This minimal loft apartment for a New York-based photographer has areas for meeting clients, entertaining guests and escaping city bustle.
The Photographer’s Loft occupies a 5,000-square-foot former industrial space, complete with cast-iron columns and plentiful large windows.
Desai Chia Architecture‘s 2014 renovation created a “serene” environment, where public and private areas are separated but an open circulation flow is retained.
“The client asked Desai Chia to design a home that would serve as a work space and gallery for her photography while also providing spaces for entertaining with friends,” said the studio, founded by Katherine Chia and Arjun Desai.
Upon entrance, a library-cum-reception area provides a space for meeting clients and gallerists, and showing off work. Horizontal rows of wooden shelves cover one wall, storing albums and research materials, and a large desk for presenting portfolios occupies the centre of the room.
Continuing on this axis, past frosted-glass partitions there is a long area that acts as a studio workspace. Low counters offer places to compile and frame images, while taller units to one side conceal a dressing area.
A bedroom concealed by pocket doors completes this west-east series of spaces, tucked away to provide a zone for quiet and calm.
In the larger portion of the apartment to the south, an open-plan living and cooking area takes advantage of the many windows that wrap around the building’s corner.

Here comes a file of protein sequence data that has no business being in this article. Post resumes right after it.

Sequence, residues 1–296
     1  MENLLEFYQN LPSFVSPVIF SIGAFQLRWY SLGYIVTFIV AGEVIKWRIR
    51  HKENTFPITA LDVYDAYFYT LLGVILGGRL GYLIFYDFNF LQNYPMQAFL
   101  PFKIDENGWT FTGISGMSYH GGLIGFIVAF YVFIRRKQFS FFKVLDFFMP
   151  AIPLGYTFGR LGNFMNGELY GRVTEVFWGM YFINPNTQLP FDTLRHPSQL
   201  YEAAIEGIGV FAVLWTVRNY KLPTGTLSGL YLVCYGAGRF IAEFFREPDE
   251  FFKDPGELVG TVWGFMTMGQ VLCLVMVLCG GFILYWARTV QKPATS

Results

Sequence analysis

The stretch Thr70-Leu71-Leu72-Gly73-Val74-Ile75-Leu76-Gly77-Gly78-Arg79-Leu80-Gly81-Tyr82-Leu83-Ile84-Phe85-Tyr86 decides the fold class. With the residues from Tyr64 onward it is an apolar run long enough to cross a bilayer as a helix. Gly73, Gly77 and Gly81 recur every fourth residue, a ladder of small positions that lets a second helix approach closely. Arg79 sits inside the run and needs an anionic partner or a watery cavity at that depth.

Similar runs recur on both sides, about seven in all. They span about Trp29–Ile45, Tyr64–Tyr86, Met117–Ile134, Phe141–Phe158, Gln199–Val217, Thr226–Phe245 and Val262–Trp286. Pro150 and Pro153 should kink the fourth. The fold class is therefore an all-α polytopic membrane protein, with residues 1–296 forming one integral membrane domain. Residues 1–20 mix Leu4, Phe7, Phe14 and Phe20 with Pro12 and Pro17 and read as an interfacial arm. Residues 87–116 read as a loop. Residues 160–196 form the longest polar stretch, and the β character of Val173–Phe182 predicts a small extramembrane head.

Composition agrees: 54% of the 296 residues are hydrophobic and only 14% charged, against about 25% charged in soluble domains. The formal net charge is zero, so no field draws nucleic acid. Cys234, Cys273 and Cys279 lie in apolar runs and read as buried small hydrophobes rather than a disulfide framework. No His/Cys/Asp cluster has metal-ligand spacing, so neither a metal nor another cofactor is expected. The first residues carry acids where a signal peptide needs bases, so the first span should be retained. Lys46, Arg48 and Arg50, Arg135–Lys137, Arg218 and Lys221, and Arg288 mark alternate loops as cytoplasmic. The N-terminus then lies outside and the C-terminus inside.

A long, black steel kitchen island and a parallel dining table match the dark columns, while the remainder of the space is kept bright even at night with the help of recessed lighting coves in the ceiling.
“The living area, kitchen, and dining area create an ensemble that is cohesive and very adaptable for a range of entertaining,” said Desai Chia.
Oak flooring runs through the majority of the rooms, extending from the living area to another bedroom hidden behind a storage partition built in the same material.
Two bathrooms can be accessed from both here and the studio/dressing area. Both are very minimal, feature custom sinks, and are illuminated from above, with the addition of a striated stone floor in the master bath.
“The walls of the bathrooms are finished in waterproof resin, which provide a singular surface that is both luminous and very easy to maintain,” said the architects, whose work ranges media offices to rural retreats.
Photography is by Paul Warchol.
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